GeorgiaForward: how Columbus region passed transportation tax

By Maria Saporta

Athens — The third annual GeorgiaForward forum provided a spotlight on what victory looks like.

Three of the 12 regions in Georgia voted to pass a regional transportation sales tax during the primary vote on July 31.

One of those regions was the River Valley District — also known as the Greater Columbus region. In fact, voters in the Columbus region passed the tax with the highest margin of the three — 54.3 percent in favor versus 45.7 percent against.

Myers was part of a panel titled: “After the TSPLOST: What’s Next for Transportation?”

So how did Columbus do it?

Frank Myers, a Columbus-based political consultant who coordinated the campaign, said they kept the message as simple as they could: “YES for Transportation.” That tagline was on every piece of literature and on all broadcast messages.

Myers also said they took “a pretty unconventional approach” by openly using the “tax” word.

Frank Myers

“This is a tax no matter how you look at it,” Myers said. “I think in Atlanta they kind of ran from it being a tax.”

Instead, Columbus decided to turn the negative into a positive by selling voters that this was not a permanent tax, that it would only last 10 years.

“We turned it into a selling point,” Myers said.

They also stayed away from the word — TSPLOST — the official name for the Transportation Special Purpose Local Option Sales Tax. Again, the message was simply: “Yes for Transportation.”

Because the mayor of Columbus was against the tax, Myers said that “in Columbus we more or less ignored the politicians.” They also didn’t call it a penny tax, which Myers said was misleading. They called it a one-percent tax.”

The Columbus campagin also targeted three different areas — north, middle and south areas of the region — and prospective voters were told what passing the tax would mean for their area. It ended up passing in two of the three sub-areas, losing in the more affluent and conservative northern area.

Also, the televisions commercials that ran also had a simple message beyond “Yes for Transportation.” The ad featured an array of individuals stating why they were voting for the tax — “jobs, jobs, jobs.”

Perhaps the most amazing part of what Myers said is that the successful campaign spent a total of $200,000. (By comparison, about $8 million was spent in the metro Atlanta region, and the tax lost by 38 percent in favor and 62 percent against).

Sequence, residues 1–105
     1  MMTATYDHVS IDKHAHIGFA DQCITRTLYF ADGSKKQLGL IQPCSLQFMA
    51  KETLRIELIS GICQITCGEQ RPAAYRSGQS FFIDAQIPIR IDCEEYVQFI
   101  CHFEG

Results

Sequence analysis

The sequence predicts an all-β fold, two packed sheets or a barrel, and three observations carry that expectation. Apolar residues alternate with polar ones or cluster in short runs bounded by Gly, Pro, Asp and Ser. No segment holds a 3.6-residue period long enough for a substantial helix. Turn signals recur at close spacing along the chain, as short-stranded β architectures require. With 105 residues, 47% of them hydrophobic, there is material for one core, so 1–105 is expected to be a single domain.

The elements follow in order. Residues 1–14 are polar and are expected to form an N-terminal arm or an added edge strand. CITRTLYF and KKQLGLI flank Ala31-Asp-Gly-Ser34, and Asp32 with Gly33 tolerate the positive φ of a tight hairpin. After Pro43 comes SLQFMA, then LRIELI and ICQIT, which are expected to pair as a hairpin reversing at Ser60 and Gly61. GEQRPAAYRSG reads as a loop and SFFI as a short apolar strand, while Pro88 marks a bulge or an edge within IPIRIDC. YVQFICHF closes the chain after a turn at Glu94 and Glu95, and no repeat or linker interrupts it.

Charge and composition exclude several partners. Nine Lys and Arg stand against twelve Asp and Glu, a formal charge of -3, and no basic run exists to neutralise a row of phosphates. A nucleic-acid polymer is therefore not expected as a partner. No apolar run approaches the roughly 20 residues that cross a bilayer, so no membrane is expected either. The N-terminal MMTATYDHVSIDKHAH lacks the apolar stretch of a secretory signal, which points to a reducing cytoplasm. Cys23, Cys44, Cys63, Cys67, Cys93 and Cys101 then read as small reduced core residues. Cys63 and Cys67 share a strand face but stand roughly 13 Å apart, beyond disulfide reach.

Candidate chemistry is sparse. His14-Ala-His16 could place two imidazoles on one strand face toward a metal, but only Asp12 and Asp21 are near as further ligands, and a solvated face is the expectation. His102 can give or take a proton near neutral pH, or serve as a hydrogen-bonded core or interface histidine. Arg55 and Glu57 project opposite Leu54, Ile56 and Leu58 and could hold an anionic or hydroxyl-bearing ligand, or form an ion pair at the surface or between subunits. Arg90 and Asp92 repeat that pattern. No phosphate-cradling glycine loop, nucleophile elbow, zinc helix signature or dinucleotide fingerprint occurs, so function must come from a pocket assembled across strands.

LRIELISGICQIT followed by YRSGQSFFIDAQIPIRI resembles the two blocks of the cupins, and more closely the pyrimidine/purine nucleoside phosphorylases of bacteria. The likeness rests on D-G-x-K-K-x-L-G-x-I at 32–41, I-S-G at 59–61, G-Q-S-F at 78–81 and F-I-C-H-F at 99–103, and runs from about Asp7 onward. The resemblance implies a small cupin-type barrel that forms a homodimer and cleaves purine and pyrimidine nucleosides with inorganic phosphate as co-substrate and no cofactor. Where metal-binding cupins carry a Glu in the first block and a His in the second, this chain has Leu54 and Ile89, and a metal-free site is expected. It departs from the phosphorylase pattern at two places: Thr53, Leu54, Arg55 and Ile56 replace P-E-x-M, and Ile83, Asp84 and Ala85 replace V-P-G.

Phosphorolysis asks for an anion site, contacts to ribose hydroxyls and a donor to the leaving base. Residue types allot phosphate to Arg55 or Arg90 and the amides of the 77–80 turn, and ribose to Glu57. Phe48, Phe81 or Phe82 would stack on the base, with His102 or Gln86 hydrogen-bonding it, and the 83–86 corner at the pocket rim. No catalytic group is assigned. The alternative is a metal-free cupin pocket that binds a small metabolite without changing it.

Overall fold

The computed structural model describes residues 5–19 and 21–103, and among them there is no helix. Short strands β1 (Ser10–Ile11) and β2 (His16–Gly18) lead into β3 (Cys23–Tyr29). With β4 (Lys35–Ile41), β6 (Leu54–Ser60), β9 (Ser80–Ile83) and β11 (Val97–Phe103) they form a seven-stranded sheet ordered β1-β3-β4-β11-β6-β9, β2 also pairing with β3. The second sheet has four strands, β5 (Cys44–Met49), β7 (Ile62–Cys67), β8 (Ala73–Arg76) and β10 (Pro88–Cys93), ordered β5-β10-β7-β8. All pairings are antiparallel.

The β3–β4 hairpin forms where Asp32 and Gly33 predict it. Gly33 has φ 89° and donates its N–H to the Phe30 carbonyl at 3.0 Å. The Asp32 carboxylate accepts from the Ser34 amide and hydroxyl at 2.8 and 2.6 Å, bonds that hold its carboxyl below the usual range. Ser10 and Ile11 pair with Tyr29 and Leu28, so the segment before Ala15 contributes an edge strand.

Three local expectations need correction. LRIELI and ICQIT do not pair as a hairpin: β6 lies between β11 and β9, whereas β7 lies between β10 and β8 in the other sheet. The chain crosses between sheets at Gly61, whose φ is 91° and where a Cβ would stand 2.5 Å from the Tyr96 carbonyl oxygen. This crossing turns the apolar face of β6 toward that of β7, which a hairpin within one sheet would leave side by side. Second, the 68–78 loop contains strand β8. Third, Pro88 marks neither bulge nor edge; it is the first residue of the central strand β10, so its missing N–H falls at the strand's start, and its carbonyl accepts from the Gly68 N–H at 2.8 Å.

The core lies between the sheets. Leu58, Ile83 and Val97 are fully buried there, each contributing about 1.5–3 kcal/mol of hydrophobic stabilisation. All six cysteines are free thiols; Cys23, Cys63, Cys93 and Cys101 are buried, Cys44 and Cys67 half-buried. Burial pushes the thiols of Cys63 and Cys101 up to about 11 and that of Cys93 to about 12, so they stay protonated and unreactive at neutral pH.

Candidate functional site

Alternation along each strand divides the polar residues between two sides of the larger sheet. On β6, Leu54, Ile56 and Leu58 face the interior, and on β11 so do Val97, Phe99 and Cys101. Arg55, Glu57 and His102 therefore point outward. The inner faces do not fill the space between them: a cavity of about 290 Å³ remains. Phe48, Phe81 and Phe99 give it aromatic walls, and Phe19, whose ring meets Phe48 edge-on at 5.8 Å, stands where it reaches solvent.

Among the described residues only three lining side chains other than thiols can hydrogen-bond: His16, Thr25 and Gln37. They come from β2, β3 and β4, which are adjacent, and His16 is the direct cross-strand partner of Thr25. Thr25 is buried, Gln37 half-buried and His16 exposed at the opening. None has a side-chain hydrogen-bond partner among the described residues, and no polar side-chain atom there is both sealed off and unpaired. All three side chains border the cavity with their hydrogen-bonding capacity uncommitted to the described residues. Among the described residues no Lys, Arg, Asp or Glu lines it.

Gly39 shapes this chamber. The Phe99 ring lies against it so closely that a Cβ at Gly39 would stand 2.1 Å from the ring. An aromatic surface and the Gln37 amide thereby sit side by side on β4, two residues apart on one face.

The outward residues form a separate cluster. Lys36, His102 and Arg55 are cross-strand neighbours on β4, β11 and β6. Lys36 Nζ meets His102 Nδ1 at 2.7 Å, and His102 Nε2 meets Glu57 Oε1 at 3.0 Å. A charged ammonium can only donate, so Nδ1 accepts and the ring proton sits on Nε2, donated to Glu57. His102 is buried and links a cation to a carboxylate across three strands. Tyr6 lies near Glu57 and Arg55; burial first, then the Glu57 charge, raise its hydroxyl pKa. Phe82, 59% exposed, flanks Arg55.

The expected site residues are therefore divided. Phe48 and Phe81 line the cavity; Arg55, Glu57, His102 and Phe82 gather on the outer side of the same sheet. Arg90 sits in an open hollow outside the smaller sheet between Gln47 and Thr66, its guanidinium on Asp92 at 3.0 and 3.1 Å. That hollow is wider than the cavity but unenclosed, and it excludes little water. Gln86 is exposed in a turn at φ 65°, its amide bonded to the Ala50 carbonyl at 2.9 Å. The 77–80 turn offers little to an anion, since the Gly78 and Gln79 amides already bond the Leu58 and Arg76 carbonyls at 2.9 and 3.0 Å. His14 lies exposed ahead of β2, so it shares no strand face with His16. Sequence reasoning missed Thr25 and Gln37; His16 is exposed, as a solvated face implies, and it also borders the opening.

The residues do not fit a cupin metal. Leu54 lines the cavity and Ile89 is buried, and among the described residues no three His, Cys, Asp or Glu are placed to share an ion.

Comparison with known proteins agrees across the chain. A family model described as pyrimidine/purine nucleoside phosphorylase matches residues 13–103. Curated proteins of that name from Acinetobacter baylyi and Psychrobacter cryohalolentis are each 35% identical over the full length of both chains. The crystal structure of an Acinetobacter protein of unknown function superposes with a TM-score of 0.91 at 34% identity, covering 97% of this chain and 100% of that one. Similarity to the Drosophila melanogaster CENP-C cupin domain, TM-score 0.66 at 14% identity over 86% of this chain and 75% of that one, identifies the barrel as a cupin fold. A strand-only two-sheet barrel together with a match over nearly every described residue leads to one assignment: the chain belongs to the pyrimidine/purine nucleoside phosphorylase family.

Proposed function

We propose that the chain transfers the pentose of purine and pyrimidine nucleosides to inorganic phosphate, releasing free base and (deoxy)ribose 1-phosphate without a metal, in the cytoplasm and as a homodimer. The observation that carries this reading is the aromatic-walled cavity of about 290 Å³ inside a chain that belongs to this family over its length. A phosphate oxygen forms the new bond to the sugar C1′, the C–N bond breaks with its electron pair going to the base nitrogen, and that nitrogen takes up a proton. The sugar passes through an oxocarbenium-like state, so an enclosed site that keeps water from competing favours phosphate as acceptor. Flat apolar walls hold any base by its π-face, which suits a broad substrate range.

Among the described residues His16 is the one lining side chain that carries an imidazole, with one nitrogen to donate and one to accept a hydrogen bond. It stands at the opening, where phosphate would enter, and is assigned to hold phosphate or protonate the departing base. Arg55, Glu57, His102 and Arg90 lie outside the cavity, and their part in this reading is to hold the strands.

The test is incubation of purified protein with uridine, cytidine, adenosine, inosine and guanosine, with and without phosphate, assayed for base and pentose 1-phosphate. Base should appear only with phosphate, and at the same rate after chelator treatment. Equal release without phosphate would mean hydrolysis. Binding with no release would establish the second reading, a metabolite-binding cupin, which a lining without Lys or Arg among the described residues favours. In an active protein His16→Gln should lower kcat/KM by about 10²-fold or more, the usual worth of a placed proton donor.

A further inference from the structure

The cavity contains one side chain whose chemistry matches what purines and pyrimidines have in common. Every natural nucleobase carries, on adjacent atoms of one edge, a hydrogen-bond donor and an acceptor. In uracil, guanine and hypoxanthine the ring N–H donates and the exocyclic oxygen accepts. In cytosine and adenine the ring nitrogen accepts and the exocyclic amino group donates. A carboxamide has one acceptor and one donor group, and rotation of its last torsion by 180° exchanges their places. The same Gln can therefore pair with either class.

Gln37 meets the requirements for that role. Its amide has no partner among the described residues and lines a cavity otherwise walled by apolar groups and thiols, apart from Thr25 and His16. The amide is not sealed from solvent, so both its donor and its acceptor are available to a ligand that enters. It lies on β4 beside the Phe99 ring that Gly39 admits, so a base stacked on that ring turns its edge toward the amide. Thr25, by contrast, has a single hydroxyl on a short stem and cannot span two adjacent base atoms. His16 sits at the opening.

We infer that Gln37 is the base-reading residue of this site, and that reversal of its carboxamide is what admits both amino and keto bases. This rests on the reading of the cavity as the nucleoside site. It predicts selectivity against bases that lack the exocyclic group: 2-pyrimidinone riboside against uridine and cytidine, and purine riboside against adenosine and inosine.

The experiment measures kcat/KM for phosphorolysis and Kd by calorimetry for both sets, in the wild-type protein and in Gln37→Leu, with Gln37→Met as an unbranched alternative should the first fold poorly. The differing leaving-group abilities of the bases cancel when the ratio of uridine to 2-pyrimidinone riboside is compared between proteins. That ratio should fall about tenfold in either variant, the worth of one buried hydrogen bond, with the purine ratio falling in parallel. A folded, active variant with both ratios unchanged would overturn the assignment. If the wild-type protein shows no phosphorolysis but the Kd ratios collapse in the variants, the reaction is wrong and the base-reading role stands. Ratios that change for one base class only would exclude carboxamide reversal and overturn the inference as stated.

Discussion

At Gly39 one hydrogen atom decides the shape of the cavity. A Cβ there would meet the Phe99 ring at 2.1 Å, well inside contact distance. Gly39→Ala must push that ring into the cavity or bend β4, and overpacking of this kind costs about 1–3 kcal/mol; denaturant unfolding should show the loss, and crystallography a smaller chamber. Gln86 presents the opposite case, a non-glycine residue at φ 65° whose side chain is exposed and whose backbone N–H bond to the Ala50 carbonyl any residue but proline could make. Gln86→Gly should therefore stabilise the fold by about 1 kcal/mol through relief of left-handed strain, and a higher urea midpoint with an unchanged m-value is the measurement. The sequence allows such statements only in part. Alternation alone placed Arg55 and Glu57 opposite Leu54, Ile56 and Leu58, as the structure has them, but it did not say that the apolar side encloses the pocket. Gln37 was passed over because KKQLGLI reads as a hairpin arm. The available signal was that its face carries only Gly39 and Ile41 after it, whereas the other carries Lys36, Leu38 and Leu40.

Looking forward, Myers said that the three regions that passed the tax will end up investing $1.8 billion in their transportation infrastructure in the next 10 years. That could end up being the best selling tool to get the tax passed in other regions in the future.

“Other regions will see it,” Myers said.

The purpose of GeorgiaForward is to build bridges between different parts of Georgia while seeking a consensus among business, civic and government leaders from every corner of the state. More than 200 Georgians are participating in the third annual conference seeks to replace anti-Atlanta or anti-rural attitudes with areas of understanding.

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3 comments
AtlEric
AtlEric

MARTA is hardly a useless transit system, and the Beltline transit was supported by the majority in Atlanta where the tax overwhelmingly passed, as it will make divergent areas of the city accessible without the need for a car to get between homes and workplaces.

 

Part of the problem in metro Atlanta was that people in areas not served by transit incorrectly believed that their part of the tax would be going to fund Atlanta's transit rather than to projects in their own area as was actually the case.  A more targeted ad campaign might have helped explain the benefits to people in each region of the metro area (as Columbus apparently did).

Burroughston Broch
Burroughston Broch

The BeltLine was proposed to receive a percentage of TSPLOST funds all out of proportion to its potential regional benefit. It was the lightning rod for all those who opposed TSPLOST, and justly so.

 

We will now see whether City of Atlanta taxpayers are willing to pay for it alone, since they would be the primary beneficiaries. Fulton and DeKalb have already said no.

Transit Hawk
Transit Hawk

Not having 52% of their projects devoted to a useless transit system might also have had a bit to do with it.